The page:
The Heart and the Fist and the Waiting List

So, my Patch editor says to me, “Do you want to interview Eric Greitens? He’s a retired Navy SEAL who’s coming to town to promote his new book.”

“Do I have to fight him?”

“I don’t think so, no.”

“Then I’ll do it.”

I go to his website and read his bio and, god, I’m exhausted just reading his resume. Nothing hammers home how you’ve wasted your life more than seeing how other people have lived theirs. Not only has the man been a Rhodes Scholar and a Navy SEAL and a great humanitarian — he’s handsome as well.

But can he name everyone who was ever an Avenger — and in the order they joined? Probably not.

Sigh. I really am a sad nerd.

I call him as he’s on his way to Washington DC for some meeting or other. Very nice man. He’s even very nice. What’s up with that? I’m not going to repeat the whole story here, if you want that you can go here:

At the end of the interview he asks me that question I always dread:

“Are you coming to the library? I’d love to meet you.”

See, here’s the deal all you musicians and actors and celebrities I’ve interviewed over the years: If you don’t send me tickets, I’m probably not going to your show. Nothing personal, I’d probably enjoy your show, but tickets ain’t cheap these days and whatever money I just made writing this preview I can’t blow on your show.

However, this was free, so I tell him I hope to make it.

Some time later I’m watching “The Colbert Report” and there’s my new friend Eric Greitens. “Hey, I just talked to that guy,” I say to the screen.

This causes The Wife to pause from her trip to the bedroom. “Who is he?”

“Eric Greitens. Former Navy SEAL and humanitarian. He’s coming to town for an author meet-and-greet at the library.”

“Can we go?”

“Uh, I guess so.”

Now I can only think of three reasons why The Wife would want to go meet Eric Greitens:

1. She has Navy SEAL mania, like so much of the country these days.

2. She admires his humanitarian work and his inspirational life story.

3. He’s so good-looking.

Whatever the reason — probably all three — we pack up The Son and head to the library Wednesday night for the event. I’ve never been to a book signing so I don’t really know what to expect. As we walk in the door a woman hands me a card for the autograph session. I say, “no thank you” and hand it back. The Wife looks at me like I’m crazy and gets one.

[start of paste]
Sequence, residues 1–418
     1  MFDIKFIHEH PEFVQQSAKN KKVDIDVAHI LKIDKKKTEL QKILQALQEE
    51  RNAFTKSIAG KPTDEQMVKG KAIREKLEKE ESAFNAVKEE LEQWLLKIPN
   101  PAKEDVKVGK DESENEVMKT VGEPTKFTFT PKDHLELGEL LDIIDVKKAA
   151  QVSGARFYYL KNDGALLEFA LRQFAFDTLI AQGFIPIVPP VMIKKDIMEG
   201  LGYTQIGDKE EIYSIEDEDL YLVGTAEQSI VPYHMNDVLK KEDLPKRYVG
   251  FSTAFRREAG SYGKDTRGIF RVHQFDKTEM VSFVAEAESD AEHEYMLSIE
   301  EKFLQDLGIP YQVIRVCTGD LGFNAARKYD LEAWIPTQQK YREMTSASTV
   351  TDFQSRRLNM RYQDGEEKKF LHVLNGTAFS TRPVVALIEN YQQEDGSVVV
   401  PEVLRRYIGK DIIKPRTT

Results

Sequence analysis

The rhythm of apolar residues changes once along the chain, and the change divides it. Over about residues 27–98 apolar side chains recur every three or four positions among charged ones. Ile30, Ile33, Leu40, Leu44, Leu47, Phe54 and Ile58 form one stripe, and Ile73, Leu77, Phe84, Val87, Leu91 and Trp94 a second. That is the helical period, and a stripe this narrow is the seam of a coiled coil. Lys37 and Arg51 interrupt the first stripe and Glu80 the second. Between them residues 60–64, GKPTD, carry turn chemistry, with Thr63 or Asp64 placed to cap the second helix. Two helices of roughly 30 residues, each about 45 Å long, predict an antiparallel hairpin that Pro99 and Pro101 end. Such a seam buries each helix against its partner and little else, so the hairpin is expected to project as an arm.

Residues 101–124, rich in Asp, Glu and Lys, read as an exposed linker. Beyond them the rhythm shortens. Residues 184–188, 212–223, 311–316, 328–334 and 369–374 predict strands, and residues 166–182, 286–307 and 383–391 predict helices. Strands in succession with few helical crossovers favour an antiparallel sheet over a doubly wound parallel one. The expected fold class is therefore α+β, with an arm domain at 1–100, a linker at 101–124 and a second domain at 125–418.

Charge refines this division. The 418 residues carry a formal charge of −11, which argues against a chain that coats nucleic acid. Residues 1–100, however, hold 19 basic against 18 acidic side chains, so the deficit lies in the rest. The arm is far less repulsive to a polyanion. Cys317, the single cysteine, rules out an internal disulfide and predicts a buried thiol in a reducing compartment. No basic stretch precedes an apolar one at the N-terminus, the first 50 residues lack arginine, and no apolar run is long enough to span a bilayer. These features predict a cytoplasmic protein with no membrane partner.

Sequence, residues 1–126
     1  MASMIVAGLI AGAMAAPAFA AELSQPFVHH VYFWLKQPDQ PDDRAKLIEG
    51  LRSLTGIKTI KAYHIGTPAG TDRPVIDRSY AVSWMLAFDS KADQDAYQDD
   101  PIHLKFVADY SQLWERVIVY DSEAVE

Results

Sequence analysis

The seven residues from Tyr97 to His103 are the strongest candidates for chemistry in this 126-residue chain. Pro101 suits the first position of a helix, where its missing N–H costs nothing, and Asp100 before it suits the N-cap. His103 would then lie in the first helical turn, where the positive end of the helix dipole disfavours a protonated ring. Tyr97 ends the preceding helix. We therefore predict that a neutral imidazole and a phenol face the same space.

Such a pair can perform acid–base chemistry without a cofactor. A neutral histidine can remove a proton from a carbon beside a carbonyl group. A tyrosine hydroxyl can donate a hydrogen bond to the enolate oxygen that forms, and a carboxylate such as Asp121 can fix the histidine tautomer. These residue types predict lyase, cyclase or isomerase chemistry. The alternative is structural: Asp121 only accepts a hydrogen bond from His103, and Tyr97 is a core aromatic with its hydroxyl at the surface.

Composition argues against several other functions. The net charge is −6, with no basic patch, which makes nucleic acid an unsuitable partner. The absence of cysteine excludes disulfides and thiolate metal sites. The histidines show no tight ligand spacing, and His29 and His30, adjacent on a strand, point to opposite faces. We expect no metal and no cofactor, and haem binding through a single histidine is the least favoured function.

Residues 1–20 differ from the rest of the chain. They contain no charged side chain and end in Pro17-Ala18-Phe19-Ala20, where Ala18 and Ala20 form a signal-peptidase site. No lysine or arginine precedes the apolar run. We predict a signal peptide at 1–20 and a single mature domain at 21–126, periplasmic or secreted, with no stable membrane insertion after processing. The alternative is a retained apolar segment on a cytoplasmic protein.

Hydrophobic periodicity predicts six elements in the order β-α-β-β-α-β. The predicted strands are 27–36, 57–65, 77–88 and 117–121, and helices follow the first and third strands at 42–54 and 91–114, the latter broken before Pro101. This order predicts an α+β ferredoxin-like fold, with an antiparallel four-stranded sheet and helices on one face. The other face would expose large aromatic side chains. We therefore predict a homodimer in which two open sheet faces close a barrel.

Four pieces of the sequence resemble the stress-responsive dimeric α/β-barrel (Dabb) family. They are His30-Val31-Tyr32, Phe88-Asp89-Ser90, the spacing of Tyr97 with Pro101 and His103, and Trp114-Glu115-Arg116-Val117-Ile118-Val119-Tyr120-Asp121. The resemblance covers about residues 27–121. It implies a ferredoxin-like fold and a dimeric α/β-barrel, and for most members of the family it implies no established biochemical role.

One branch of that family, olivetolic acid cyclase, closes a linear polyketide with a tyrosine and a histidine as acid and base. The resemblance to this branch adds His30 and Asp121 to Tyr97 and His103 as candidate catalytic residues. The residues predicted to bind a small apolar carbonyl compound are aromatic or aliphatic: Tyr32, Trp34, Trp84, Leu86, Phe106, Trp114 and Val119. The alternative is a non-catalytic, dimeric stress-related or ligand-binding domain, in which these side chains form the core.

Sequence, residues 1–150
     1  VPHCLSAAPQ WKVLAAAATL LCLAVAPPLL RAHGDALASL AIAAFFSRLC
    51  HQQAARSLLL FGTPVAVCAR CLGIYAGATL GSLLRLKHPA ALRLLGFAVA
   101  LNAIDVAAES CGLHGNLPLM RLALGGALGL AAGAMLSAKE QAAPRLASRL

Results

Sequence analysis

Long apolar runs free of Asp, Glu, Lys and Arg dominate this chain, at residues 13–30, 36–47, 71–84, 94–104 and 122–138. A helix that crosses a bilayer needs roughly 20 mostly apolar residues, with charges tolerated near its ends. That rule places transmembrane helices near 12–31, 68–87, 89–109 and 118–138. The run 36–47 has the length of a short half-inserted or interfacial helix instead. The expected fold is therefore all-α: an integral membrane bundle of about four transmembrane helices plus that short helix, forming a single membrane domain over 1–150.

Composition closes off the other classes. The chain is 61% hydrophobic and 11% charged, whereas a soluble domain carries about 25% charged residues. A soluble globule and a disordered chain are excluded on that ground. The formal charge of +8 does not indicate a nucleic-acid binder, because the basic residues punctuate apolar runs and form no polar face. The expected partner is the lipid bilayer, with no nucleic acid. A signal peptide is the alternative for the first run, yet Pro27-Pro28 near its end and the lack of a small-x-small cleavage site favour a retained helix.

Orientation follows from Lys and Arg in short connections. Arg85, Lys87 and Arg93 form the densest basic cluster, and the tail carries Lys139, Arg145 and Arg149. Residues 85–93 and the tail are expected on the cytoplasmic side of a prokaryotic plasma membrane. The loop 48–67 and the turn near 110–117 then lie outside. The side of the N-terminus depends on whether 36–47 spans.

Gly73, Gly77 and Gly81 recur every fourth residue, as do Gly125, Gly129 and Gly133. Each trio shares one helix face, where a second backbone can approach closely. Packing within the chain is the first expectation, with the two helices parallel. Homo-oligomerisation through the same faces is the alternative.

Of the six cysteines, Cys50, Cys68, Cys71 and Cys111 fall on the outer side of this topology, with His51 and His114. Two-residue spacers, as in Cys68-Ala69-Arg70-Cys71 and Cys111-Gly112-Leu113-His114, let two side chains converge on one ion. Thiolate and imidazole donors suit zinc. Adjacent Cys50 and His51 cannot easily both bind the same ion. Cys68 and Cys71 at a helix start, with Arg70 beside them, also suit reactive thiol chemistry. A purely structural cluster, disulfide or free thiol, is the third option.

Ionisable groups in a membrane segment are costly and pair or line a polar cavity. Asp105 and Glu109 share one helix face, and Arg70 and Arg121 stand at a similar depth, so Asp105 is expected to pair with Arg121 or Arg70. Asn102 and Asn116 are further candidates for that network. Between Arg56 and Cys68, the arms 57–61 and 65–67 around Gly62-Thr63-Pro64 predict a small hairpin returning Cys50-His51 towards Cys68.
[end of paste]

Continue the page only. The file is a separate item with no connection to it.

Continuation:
“We don’t have anything for him to sign,” I says.

“They’re probably selling books in the lobby. I’ll get one.”

“You can’t sell books in a library, can you? That’s not legal.”

Turns out you can. Sure enough, a local bookstore had set up a table in the Young Adult section and was selling books. The Wife gets a book while The Son and I hit the reception table. Free cheese squares, sausages, fruit, soda and wine. We should go to book signings more often.

By the time we get back to our seats, The Wife has struck up a conversation with a guy in a Bob Dylan T-Shirt. There is no off switch on The Wife’s schmooze control.

Mr. Greitens is introduced and gives an inspirational talk for about an hour, complete with slides and the occasional reading from his book. I feel so intellectual being at an author event featuring someone who’s written a book without an illustrator.

Once the talk is over, the book signing begins. The Wife is in Group 7. She would have been in Group 5 if I hadn’t returned my card. She reminds me of this repeatedly. We don’t have anywhere else to be tonight, and there’s still plenty of snacks and drinks, so we wait. And wait.

Everybody has to get a few words in with the author, some have pictures taken, some have multiple books to sign. I find some Justice League comics in the Young Adult section and get caught up. There’s a Rolling Stone cover story on the top 70 Dylan songs. I just start to read it when they call “Everyone else.”

We wind up being the next-to-last in line but Mr. Greitens is just as nice and personable and handsome when he gets to us as he probably was with the first person whose hand he shook that day.

I figure it’s gotta be pretty taxing having to stand there for an hour signing books, but then, probably not as taxing as Navy SEAL training.


One response to “The Heart and the Fist and the Waiting List

  1. I read this book on the Amtrak to Kansas City. It should be required reading for every person. What a wonderful testament – a regular guy who is willing to challenge and test himself to become a better man. In this world, you really do have to be both strong and good in order to serve and protect those not as strong as you. Highly recommended and a must read – by far the best book I’ve read since the beginning of 2011 and I’ve read some good books this year.

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